For one I'm tired of hearing how we'll forever be second rate nurses for not having acute care experience first (and not for lack of trying, mind you).
    Isitpossible likes this.
  8. 0
    Quote from Jeanette73
    Sorry, but that is just not the direction where nursing is heading. There simply are not enough floor nursing jobs to go around.
    *** I would say that it's far more a case of to many nurses rather than a case of not enough nursing jobs. We are reaping the predicted and expected results of all those nursing programs doubling in size and all those shake N' bake one and two year programs that sprang up. Many with tax payer (nurses)assistance.
  9. 1
    In nursing there has always been a supply and demand problem, sometimes there are too many nurses and sometimes there are too few.
    I didnt say because you can't get experience in an acute care setting that you are second rate nurses, to me acute care is not as important as actually having nursed patients, in what ever setting that maybe. In a nursing home, the poor nurses are extremely overworked, in my opinion although they do get baptism by fire, they also obtain really good skills,-too many people think that they dismiss these skills as unimportant.
    I have always told the students that I precept talk to the patient they will tell you more about themselves, their disease than any text book-
    Honestly, I am old school, back in the day working with patients on a basic level, doing total patient care allowed you to understand so much better the patient, their disease process, medications, 10 things you could find out about a patient when you perform a bed bath, communication skills with the patient and other members of MDT.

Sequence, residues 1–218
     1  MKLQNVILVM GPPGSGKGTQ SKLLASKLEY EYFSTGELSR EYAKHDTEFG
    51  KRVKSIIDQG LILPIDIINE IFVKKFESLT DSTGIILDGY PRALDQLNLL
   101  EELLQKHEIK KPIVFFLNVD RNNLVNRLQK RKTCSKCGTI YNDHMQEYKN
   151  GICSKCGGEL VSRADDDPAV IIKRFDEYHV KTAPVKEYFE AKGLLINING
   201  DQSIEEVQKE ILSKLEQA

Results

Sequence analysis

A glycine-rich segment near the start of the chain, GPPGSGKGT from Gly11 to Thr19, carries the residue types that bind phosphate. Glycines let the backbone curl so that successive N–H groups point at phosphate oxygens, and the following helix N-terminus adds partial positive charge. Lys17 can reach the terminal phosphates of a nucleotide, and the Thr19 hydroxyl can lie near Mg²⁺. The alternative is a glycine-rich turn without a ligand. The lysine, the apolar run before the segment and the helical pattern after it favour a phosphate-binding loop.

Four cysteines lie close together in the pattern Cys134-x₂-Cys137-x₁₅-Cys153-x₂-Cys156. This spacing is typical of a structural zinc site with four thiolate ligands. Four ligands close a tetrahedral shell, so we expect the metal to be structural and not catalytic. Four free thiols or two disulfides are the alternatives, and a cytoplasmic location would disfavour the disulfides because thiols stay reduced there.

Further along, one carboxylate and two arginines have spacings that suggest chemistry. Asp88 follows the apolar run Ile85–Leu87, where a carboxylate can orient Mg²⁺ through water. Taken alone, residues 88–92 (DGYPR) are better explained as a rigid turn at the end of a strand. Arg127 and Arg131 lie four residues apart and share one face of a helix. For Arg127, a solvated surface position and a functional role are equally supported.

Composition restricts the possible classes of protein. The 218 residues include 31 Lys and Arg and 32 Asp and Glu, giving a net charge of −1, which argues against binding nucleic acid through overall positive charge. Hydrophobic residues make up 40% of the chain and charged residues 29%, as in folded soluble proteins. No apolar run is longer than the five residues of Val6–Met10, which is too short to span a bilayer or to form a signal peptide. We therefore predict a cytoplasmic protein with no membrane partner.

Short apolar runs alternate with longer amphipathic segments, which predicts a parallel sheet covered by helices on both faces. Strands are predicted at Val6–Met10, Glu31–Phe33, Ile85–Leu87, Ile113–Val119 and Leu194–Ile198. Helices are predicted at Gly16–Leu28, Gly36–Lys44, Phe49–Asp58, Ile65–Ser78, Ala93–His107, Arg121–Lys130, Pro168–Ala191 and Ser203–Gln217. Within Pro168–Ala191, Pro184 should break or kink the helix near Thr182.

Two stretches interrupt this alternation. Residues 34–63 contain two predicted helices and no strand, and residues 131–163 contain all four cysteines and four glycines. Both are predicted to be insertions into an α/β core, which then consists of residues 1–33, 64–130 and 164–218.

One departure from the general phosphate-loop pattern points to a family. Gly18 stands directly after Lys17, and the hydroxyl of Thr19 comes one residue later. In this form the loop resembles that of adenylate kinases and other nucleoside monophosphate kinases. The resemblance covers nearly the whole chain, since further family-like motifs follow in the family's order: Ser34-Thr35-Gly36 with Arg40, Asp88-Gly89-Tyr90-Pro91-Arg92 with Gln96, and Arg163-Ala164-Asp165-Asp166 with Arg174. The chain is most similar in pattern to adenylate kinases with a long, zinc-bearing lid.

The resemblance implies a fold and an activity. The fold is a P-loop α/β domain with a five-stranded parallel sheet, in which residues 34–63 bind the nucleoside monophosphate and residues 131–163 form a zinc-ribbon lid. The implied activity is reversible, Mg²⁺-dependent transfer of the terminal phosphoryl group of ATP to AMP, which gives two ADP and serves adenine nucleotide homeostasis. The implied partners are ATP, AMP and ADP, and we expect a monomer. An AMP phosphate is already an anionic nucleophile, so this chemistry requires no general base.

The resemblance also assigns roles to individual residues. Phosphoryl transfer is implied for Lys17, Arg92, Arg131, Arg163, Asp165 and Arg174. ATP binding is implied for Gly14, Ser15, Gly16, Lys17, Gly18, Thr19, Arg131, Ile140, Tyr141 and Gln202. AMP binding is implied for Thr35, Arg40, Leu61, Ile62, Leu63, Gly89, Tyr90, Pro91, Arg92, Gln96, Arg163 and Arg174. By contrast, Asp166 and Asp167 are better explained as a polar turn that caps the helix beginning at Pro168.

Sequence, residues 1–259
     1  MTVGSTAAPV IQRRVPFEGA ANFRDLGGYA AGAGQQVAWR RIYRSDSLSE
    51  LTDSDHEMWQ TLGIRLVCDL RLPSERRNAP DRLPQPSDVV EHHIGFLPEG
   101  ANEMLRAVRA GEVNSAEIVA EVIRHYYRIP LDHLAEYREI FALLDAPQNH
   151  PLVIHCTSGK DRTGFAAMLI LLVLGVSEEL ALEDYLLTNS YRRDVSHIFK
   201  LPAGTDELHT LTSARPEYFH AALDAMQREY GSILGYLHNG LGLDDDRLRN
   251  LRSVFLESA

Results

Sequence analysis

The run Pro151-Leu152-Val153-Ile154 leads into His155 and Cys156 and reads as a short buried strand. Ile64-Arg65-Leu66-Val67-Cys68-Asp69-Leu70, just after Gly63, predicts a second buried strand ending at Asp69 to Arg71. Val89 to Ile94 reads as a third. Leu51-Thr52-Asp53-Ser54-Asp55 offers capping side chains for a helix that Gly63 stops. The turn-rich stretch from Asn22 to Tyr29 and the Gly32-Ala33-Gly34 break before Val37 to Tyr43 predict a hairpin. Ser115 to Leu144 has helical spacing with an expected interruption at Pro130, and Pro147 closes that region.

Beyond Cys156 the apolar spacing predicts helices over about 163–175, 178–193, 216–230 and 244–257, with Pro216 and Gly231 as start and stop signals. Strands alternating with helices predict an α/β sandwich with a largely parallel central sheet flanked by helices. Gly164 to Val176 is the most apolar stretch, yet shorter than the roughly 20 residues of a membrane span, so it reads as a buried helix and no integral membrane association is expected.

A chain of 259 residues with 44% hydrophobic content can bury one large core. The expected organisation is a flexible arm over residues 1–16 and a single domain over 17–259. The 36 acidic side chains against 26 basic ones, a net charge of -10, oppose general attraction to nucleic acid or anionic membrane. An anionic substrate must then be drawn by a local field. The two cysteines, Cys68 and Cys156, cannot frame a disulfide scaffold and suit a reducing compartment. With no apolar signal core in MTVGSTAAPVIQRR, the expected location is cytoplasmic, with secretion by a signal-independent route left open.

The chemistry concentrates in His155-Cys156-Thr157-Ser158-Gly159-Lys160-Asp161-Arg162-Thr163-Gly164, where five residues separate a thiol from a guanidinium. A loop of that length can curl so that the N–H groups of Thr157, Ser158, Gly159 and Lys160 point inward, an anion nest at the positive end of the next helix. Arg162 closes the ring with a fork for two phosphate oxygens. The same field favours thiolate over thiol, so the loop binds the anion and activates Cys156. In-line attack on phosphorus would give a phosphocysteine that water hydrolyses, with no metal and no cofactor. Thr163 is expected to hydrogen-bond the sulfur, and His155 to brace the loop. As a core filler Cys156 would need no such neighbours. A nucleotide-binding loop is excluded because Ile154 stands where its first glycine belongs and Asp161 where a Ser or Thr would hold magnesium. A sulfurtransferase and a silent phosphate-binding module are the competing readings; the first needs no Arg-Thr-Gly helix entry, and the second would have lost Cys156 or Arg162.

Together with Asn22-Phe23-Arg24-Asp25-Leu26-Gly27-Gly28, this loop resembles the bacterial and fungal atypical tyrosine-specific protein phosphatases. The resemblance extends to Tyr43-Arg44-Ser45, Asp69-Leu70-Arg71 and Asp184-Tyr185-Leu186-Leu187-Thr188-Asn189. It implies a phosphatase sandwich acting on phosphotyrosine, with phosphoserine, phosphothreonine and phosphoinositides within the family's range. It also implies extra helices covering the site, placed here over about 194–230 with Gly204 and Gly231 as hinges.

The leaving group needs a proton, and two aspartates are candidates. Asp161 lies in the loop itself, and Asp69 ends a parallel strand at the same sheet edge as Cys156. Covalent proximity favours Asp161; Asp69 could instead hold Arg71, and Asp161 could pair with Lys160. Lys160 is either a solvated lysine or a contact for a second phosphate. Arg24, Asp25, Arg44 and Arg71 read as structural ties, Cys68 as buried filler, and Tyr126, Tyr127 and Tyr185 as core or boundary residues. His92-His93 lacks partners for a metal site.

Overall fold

I always tell any student I precept-talk to the patient, they often love to talk about themselves, they will tell you more about THEIR disease process than a text book will ever.
    These are the skills that are invaluable being able to look after a post op patient in an acute care setting is not preparing you for a career in nursing, it helps but there are hundreds of more valuable skills.
    Ok enough of my rant lol
    ShannonV likes this.
  10. 0
    Quote from jadelpn
    First off LOL--it is early, I am lacking some coffee and thought you meant literally.....

    Acute care experience helps in a number of ways, I believe. I also advocate for anyone making an appointment to speak to the manager of one's "dream" job and find out specifically what you need to know to work in one's "dream" unit. Then your acute care can be focused when applicable, on learning what you need to.

    Generally, I find that the most dynamic managers are those who are multiple year acute care nurses. They seem to have a keen sense on what works for a unit and for the nurses. Not because they learned in in their leadership courses, but because they have been there, done that, and bought the commemerative mug.
    I also took it literally for a second.
    My answer was going to be, never get down on the floor in the first place!
  11. 0
    ps excuse any bad spelling, grammar I am traveling for work and my glasses are in my car
  12. 2
    I digress but....
    I had a patient complain to me about one of the nurses on his unit. He was hollering "She said she doesn't want me on her floor!! She doesn't like me!!! Fire her!!!"
    What the nurse had actually said was "I don't want you on THE floor." The man was a frequent faller and we had all warned him about walking un-assisted.
    Last edit by CapeCodMermaid on Oct 9, '13 : Reason: more to say
    Frink and PMFB-RN like this.